New Branding Wars Mask: Last Shot 14s
Back in ’98 Jordan rocked the 14s to rain down on the Utah Jazz. This was Mike’s second 3-peat with the Bulls and a historic last shot winning the game with 5.2 seconds left… hence the name “Last Shots”. That type of excellence is inspirational even 13 years later and can be appreciated by even non-sports fans. Inspired by MJ’s Ferrari F-50 and the last pair he wore before announcing his first retirement from the NBA.
One of the most fulfilling aspects of making the Branding Wars masks is going in blind and uncovering the character of the shoes. I don’t plan ahead when making the masks, the shoe itself truly dictates the mask. Once the shoes have been deconstructed certain lines and shapes show new life. For example, when I began working with the Last Shot 14s it became clear that I’d have to include much more of the sole than usual (past masks feature the sole on the canister). Without the red of the sole the mask wouldn’t properly represent the shoes. I had no idea they would end up being the ear-like shapes that formed.
My work is an outlet for me. A chance to reflect on the world around me. I’m often asked about my politics, what these masks mean, “what’s the point?” or “why would you?”. The art world wants to promote artists who further their politics, unfortunately independent thinkers don’t quite fit that mold sometimes. I don’t want my work to be a reflection of my personal politics, they’re there but I’d prefer to speak through my work rather than preach through it. The important things are 1) exploring creativity and imagination 2) making something manufactured in limited quantities into something one of a kind and handcrafted and 3) working with materials that I’m passionate about. Love it, hate it, misunderstand it or just plain get it… it’s art so it’s up to you to find your own understanding of it.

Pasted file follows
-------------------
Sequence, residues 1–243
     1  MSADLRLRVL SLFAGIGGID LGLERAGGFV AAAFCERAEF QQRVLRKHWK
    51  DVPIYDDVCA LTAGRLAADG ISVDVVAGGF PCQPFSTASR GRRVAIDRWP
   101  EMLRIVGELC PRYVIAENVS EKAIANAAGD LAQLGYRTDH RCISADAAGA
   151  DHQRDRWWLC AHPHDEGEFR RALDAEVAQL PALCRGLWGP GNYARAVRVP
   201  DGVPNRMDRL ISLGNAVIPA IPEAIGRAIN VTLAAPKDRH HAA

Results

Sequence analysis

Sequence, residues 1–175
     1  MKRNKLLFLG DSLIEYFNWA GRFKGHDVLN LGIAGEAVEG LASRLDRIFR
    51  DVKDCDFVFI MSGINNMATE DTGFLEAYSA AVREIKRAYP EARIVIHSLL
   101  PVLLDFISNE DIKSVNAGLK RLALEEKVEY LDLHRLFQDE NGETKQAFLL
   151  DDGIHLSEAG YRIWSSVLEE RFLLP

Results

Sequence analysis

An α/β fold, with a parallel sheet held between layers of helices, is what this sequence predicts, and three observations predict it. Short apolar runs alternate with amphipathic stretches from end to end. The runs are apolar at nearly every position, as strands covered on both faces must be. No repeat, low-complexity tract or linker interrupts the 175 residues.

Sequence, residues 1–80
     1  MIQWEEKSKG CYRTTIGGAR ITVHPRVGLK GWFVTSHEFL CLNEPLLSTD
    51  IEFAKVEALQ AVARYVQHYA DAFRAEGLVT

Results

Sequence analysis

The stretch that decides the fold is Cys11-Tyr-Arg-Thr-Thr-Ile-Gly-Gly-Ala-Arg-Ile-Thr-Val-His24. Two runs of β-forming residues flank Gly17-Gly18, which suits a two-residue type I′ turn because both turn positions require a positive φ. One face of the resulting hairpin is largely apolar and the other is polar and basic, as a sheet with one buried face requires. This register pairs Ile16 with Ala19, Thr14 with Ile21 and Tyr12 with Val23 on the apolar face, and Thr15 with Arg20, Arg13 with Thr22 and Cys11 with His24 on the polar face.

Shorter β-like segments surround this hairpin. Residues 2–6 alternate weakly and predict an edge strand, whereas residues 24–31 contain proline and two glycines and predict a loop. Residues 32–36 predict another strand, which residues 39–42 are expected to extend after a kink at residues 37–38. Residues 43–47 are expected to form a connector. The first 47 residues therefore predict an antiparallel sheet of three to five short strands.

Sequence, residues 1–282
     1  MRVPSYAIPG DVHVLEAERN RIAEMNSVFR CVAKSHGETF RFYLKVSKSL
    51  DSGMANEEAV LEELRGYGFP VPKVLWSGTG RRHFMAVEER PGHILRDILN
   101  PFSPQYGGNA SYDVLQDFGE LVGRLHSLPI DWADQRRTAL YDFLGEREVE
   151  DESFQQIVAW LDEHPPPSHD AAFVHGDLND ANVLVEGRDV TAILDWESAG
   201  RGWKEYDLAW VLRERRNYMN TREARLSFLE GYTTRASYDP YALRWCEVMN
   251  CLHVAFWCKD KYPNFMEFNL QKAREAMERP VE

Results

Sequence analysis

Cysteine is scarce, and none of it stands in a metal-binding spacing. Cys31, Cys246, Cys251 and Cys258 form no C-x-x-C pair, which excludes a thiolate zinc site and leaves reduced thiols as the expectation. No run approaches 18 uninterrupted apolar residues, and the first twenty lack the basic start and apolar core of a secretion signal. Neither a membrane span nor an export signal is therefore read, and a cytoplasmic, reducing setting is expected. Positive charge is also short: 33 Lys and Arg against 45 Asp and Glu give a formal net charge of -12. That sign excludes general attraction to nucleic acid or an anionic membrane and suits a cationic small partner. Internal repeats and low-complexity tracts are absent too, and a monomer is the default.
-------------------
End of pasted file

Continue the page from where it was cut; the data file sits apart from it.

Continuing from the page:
Big thanks to Trey Billie for the photo shoot.
Want to own this one of a kind piece of sneaker art? You can, check out the the eBay listing!
The Bulls returned to Utah for Game 6 on June 14, 1998 leading the series 3–2. Jordan executed a series of plays, considered to be one of the greatest clutch performances in NBA Finals history. With the Bulls trailing 86–83 with 41.9 seconds remaining, Phil Jackson called a timeout. When play resumed, Jordan received the inbound pass, drove to the basket, and hit a layup over several Jazz defenders. The Jazz brought the ball upcourt and passed the ball to forward Karl Malone, who was set up in the low postand was being guarded by Rodman. Malone jostled with Rodman and caught the pass, but Jordan cut behind him and swatted the ball out of his hands for a steal. Jordan then slowly dribbled upcourt and paused at the top of the key, eyeing his defender, Jazz guard Bryon Russell. With fewer than 10 seconds remaining, Jordan started to dribble right, then crossed over to his left, possibly pushing off Russell, although the officials did not call a foul. Jordan then made what would become the climactic shot of his career. After John Stockton missed a desperation 3-pointer, Jordan and the Bulls claimed their sixth NBA championship, and secured a second three-peat.
While you’re at it check out this video for “Get Em High” by Tha BassHeadz ft. Trey Billie (who did a quick photo shoot with me before it started raining)